Paul Hoogenhout, senior project engineer at RollDock, discusses some of the proposed changes to Annex 13 of the IMO Code of Safe Practice for Cargo Stowage and Securing (CSS-Code), which provides guidance for the lashing and securing of project cargo.
Annex 13 of the IMO CSS-Code has long supported the stowage and securing of cargo on ships. The adopted industry standard contains flexible calculation methods, which enables users to assess non-standardised securing arrangements.
The rules become very grey when something is classified as project cargo, however. Currently, the regulations are either too indecisive or too conservative, and if we want to guarantee safety in our industry, we need to develop a uniform set of rules with clearer definitions.
The article Proposed interpretations of, and amendments to, the Annex 13 of the IMO Code of Safe Practice for Cargo Stowage and Securing was initially published in 2017 and it stated that when these methods and regulations were designed, its scope of application had been phrased in a way to exclude cargo units with “unusual characteristics” and the use of “relevant expertise” had been prompted instead.
The authors – Hermann Kaps and Peter Andersson – put forward eight changes to the annex that aim to improve the safety and efficiency of cargo securing: clarification of weather-dependent load assumptions; speed reduction in head seas; vessel survival criteria in case of a major cargo shift; additional tipping moment due to the rotational inertia; balance of longitudinal sliding and tipping; interpretation of ‘on deck high’; wind moment in tipping balance; and homogeneity of securing arrangements.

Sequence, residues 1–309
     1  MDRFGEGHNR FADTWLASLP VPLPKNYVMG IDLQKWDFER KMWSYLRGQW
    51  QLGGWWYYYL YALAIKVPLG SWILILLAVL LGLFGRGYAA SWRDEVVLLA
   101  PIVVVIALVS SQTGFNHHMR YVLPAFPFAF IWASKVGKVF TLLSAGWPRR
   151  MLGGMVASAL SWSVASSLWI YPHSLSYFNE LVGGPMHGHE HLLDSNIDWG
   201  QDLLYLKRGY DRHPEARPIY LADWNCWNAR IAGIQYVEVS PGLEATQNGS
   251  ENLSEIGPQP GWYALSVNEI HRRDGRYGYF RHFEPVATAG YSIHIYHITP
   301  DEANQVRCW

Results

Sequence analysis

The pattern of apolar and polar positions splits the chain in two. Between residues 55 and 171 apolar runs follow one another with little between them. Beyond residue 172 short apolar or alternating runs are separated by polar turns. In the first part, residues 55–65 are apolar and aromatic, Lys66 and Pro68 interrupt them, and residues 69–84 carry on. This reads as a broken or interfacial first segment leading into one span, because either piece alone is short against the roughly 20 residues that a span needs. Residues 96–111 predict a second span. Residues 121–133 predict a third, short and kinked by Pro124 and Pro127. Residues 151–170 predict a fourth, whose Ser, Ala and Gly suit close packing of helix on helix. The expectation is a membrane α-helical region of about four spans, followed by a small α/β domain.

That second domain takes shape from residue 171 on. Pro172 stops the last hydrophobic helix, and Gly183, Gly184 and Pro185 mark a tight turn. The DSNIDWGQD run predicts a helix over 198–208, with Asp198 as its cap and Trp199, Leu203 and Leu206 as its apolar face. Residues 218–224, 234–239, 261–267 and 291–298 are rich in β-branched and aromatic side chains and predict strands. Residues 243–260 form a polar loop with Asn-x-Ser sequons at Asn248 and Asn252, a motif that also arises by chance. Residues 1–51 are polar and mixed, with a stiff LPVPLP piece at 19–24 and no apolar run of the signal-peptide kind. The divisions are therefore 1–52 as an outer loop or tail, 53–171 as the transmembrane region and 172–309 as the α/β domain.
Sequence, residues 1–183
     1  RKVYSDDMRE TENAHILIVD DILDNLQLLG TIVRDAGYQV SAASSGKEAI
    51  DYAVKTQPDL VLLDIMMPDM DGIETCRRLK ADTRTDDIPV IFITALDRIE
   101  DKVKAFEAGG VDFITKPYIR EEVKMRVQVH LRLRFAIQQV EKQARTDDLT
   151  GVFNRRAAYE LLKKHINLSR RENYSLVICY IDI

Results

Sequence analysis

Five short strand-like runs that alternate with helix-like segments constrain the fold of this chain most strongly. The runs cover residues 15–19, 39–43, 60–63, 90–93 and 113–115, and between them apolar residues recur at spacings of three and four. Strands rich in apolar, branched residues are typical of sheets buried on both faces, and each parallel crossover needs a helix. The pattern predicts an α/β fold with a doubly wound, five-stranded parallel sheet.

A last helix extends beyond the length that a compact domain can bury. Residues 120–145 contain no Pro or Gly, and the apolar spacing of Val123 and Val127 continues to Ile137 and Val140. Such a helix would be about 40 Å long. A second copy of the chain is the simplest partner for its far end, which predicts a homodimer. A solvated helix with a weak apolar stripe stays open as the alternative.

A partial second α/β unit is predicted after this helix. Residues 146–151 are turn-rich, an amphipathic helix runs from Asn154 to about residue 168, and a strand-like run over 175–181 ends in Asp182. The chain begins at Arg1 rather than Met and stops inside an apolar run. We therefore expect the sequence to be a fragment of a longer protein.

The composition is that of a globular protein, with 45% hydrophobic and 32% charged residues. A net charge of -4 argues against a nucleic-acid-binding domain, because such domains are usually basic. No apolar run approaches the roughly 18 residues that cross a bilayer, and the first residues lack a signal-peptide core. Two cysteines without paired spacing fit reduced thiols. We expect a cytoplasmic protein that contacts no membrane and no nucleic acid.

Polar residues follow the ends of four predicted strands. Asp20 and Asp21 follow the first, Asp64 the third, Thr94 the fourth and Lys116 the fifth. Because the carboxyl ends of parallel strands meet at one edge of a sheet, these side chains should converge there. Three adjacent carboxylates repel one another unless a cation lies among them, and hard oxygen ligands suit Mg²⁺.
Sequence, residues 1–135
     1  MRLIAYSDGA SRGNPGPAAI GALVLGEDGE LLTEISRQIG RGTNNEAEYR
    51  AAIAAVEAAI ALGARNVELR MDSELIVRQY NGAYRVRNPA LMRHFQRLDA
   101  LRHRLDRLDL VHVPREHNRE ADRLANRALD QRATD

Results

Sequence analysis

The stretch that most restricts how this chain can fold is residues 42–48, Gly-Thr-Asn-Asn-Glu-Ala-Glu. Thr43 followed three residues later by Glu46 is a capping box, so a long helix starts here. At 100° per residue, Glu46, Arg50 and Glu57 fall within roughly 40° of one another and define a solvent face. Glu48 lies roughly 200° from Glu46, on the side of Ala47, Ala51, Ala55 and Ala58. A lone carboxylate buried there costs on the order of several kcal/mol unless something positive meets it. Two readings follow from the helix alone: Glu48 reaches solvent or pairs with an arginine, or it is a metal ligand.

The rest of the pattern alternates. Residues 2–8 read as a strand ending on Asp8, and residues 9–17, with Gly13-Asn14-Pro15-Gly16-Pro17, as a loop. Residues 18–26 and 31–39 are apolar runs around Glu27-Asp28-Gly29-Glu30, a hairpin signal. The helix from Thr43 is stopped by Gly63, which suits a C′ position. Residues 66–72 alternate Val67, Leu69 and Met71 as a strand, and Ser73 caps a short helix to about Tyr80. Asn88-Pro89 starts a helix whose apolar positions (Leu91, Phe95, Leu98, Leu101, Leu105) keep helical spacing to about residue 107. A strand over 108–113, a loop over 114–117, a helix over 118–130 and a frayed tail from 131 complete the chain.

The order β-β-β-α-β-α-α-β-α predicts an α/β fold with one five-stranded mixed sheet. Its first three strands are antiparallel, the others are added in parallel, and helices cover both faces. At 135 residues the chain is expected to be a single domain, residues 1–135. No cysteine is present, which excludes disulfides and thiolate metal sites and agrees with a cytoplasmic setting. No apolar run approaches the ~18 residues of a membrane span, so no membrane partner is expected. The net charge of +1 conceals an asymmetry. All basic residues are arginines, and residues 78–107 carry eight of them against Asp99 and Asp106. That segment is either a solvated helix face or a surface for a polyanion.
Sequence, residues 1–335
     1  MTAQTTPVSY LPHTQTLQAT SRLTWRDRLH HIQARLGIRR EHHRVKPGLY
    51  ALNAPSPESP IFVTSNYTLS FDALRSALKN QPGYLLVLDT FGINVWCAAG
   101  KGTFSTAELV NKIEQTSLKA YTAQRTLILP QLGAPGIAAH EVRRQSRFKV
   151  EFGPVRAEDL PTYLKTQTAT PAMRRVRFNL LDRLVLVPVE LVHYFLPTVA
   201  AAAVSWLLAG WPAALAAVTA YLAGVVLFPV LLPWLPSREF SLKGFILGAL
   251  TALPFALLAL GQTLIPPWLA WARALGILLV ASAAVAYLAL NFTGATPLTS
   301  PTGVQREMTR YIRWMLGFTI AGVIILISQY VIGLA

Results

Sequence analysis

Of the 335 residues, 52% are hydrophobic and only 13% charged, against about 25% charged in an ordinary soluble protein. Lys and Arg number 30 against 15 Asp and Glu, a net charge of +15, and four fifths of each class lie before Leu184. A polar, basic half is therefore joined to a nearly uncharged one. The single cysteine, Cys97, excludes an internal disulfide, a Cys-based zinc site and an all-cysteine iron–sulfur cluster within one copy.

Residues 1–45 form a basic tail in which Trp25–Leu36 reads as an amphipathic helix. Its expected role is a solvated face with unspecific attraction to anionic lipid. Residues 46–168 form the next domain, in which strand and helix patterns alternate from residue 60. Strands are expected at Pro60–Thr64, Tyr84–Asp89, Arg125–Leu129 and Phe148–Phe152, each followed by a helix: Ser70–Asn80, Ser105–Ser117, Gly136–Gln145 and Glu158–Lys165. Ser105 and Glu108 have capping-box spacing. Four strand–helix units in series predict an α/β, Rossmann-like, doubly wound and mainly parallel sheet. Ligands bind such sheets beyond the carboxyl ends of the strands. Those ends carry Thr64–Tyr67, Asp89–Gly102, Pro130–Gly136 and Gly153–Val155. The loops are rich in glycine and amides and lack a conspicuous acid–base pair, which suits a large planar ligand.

For weather-dependent load assumptions, the regulations stipulate that load assumptions for cargo securing should be based on the heaviest winds and sea state that has ever been measured in that specific region. For some vulnerable cargo items, an optimal period and route is chosen. This allows the shipping company to pick a reduction model – of which there are many (pictured below). The proposal suggests that the annex should choose one model to create a unified playing field.
Another proposal concerns speed reduction in head seas. To assess the accelerations that the cargo will experience, the current rules demand that the calculations are done with maximum speed. In reality, a ship with vulnerable cargo onboard in swell will not sail maximum speed in head seas. Therefore, the proposal suggests that calculations for accelerations can be executed with reduced speed.
The mathematical model used for assessing the suitability of a securing arrangement describes the mass of the cargo as being concentrated at its centre of gravity. This is fairly accurate as long as its length, width or height does not exceed 10 m. Large cargo will produce an additional tipping moment due to the distribution of its mass over a larger volume. The real spatial mass distribution requires the compilation of infinitesimal mass elements with individual distances from the centre of gravity. The integration of all different tipping moments over the full mass of the cargo item needs to be considered.